About three weeks ago, my wife Kathleen flew into Sacramento Executive Aiport (KSAC) as part of her solo cross-country flight. (That’s one of the final stages a student pilot goes through on the way to getting a Private Pilot Single Engine Land (PP-SEL) rating.) Her flight went from Reid Hillview Airport (KRHV) in San Jose to Sacramento and then on to Los Banos (KLSN) before heading back home to San Jose.
She called me after each leg of the flight to let me know how things were progressing. And when she called from Los Banos she mentioned that the ground controller in Sacramento wasn’t particularly helpful. Even though he knew she was a student pilot and not terribly familiar with the airport, he never really offered any taxi help. (Contrast that with our recent landing in Stockton where the controller asked us if we were familiar with the airport AND offered progressive taxi instructions even before we finished turning from the runway onto the taxiway.) Instead of being helpful, he sarcastically made a comment intended to keep her from taxiing onto the active runway–something she wasn’t in danger of doing in the first place.
I should back up and mention that when she was in the transient parking area and preparing to taxi to the runway for her departure, there was another airplane behind her. Being less than familiar with the runway and taxiway layout (see the airport diagram), she offered to let the aircraft behind her go ahead so the should follow them out (they were locals). But the ground controller wasn’t interested in facilitating that.
In the grand scheme of things, this would be no big deal. You encounter “less than helpful” people now and then in aviation. She flew on from Sacrament to Los Banos, stopped there for a bit, and continued on back to San Jose. About an hour after landing, she was back home and we were headed out to dinner to celebrate a successful solo cross-country flight. Well, after seeing the fancy “Congratulations” balloon, cupcakes, and card that were waiting on the kitchen table–then we headed out to Mama Mia’s.
Fast forward a few weeks… to last night. She received an email from her instructor saying that he’d been contacted by the Sacramento FSDO (Flight Standards District Office) who had received some negative feedback about her visit there a few weeks ago. Puzzled about what that could be, she talked to her instructor and the Sacramento FSDO supervisor today to discuss things. (I also spoke with the FSDO today.)
To make a long story short, here’s what happened. Sitting in the right seat of the airplane taxiing behind her at Sacramento was a Designated Pilot Examiner (DPE), one of the anointed pilots that the FAA has deemed worthy of judging whether or not a student pilot is ready to receive their new rating. After taxiing behind her, he became concerned that she might not have received all training she needed to operate at a tower controlled airport. So he took it upon himself to file a complaint, though we’re told he originally classified it as an “incident” (which has special meaning in the FAA lexicon) with the local officials: the Sacramento FSDO.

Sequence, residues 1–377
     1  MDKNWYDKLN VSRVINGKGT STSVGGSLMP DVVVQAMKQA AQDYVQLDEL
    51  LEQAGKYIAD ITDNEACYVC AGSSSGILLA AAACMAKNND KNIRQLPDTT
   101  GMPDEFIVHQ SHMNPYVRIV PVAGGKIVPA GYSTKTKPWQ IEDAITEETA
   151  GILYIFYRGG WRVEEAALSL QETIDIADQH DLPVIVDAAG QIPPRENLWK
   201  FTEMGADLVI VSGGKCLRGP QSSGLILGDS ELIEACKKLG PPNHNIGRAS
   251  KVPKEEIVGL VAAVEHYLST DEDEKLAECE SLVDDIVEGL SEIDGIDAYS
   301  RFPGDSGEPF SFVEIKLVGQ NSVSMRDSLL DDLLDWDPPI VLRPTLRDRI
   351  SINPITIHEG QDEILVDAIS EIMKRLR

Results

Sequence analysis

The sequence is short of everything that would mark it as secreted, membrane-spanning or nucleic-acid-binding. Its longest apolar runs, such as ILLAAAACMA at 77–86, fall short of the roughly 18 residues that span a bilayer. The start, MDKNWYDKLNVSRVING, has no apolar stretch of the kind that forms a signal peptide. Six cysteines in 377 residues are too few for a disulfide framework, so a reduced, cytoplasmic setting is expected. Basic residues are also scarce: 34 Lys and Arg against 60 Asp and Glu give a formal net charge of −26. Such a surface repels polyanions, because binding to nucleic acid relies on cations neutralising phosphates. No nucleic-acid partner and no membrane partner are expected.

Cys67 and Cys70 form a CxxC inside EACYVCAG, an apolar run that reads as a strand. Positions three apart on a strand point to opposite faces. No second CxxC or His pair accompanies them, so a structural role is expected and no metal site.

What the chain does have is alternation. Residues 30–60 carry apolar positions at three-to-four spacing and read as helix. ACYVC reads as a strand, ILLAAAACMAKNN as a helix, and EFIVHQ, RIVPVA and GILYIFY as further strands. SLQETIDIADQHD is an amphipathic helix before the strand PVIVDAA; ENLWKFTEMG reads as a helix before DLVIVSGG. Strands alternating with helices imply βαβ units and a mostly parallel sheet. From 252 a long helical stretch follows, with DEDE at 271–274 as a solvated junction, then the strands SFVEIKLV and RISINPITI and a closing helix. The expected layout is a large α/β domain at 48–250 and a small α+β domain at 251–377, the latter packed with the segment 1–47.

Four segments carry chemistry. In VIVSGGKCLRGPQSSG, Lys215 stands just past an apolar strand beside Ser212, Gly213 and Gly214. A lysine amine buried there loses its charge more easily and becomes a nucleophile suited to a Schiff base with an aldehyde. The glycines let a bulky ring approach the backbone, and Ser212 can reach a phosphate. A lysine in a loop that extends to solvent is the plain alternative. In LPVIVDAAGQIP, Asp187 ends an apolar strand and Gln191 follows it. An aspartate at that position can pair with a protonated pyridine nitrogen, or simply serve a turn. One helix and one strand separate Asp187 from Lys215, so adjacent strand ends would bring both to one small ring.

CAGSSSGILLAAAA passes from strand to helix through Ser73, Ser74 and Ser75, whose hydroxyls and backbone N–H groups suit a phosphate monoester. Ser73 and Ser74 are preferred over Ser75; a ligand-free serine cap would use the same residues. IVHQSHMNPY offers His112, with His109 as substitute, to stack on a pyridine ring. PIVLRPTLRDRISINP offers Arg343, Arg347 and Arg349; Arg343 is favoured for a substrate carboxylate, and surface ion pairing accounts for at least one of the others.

Now here’s where it gets really good. What apparently alarmed him is that when she had to taxi across a runway on her way to the active departure runway, she slowed down to look both ways (much like we’re taught to do when crossing the street as children). Why might she do such a thing? Well, let’s see. She was in an airplane accident not to long ago. So safety is nothing to take lightly. (Would you?!) And it’s not unheard of for ground controllers to occasionally, you know, make a mistake. They are human after all. So why not proceed with a bit of caution? Besides, most instructors rightfully teach their students to make one last look before entering a runway, active or otherwise.
So in return for her caution, she had the pleasure of staying up half the night last night worried about what she could have possibly done so wrong that the FAA wanted to talk to her. And then she got to listen to an FAA representative make her feel like a bad pilot and suggest that she had an attitude problem with the ground controller on the radio. The best part of all is that she’s not even the subject of the investigation!
All this hassle, concern, and drama because she was being cautious at an airport she’d only been to once before. You’d think with the FAA’s focus on preventing runway incursions, they’d appreciate seeing pilots taking a few extra seconds before charing across a runway.
So, student pilots out there: beware of Sacramento Executive Airport. There’s clearly at least one less than helpful controller with an attitude, and if you’re really unlucky, you might also encounter an examiner who enjoys telling his friends at the local FSDO when a visiting pilot is behaving in a way that’re more cautious than he’s used to seeing.
Oh, we do plan to make a Freedom of Information Act Request to get a copy of the audio tapes (all controller radio communication is recorded in case it’s needed in a later investigation). Given that all this “helpful” activity is funded by our tax money in the first place, it’d be good to have a copy. Maybe we’ll even put it online. Believe it or not, they can’t allow her to hear the tapes–even though she’s on them–while there’s an investigation in progress.
Yay for government “process” protecting us all.